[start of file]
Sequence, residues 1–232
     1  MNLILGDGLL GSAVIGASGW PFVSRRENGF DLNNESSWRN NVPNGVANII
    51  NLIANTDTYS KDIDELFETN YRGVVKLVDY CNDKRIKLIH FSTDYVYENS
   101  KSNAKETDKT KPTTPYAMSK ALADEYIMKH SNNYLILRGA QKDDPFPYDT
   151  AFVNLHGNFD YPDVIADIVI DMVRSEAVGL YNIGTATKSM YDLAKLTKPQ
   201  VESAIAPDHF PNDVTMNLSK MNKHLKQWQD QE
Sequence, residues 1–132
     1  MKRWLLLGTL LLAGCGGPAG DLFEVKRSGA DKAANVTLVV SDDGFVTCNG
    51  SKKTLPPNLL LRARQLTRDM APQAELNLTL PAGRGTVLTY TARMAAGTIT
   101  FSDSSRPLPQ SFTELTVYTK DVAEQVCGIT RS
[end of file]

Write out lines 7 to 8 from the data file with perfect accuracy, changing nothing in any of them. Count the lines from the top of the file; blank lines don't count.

Sequence, residues 1–132
     1  MKRWLLLGTL LLAGCGGPAG DLFEVKRSGA DKAANVTLVV SDDGFVTCNG